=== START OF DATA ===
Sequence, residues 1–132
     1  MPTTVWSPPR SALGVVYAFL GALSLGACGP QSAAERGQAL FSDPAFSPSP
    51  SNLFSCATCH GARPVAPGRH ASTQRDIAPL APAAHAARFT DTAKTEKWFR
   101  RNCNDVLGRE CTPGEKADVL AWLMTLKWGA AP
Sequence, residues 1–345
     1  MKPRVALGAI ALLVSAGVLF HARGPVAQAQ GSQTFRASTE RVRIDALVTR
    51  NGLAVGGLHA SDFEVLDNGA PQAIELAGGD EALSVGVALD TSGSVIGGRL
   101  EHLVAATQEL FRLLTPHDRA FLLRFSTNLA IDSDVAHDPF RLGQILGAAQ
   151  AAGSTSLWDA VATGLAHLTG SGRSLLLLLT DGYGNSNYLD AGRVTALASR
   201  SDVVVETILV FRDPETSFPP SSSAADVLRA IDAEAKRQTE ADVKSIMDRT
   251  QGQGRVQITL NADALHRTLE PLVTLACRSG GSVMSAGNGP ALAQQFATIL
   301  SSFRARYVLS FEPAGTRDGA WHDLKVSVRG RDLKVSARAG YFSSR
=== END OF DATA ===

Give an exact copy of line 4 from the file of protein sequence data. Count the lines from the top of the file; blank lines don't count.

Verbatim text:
   101  RNCNDVLGRE CTPGEKADVL AWLMTLKWGA AP